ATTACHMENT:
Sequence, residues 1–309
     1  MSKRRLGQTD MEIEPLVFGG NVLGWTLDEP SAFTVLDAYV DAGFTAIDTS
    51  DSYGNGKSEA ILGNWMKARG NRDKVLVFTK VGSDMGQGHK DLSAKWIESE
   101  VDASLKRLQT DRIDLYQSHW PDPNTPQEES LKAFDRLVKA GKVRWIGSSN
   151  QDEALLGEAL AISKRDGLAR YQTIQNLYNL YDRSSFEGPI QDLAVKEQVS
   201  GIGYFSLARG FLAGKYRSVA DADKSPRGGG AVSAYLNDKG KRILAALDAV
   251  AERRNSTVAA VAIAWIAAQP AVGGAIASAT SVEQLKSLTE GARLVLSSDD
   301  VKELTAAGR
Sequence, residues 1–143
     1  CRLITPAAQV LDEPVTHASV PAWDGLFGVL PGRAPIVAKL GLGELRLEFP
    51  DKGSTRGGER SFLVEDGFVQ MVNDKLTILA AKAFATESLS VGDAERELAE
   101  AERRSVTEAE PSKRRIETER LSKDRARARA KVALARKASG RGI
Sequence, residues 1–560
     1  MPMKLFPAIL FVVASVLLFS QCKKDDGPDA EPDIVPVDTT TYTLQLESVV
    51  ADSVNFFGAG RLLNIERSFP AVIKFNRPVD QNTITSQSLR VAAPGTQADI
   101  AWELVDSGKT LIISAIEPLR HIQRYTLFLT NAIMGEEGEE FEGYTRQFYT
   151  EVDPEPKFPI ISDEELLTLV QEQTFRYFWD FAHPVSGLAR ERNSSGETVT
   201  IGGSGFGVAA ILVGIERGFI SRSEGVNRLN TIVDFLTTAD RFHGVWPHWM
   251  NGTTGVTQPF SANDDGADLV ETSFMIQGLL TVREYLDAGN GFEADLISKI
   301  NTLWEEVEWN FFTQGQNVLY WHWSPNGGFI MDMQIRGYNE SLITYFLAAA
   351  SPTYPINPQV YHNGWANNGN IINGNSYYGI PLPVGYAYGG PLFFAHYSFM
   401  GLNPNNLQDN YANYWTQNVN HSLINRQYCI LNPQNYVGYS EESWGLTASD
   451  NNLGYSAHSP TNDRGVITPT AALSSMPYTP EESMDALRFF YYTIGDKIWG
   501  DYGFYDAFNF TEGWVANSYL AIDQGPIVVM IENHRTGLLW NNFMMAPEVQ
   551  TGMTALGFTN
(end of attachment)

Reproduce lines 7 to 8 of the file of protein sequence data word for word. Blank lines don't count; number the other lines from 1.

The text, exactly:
   251  AERRNSTVAA VAIAWIAAQP AVGGAIASAT SVEQLKSLTE GARLVLSSDD
   301  VKELTAAGR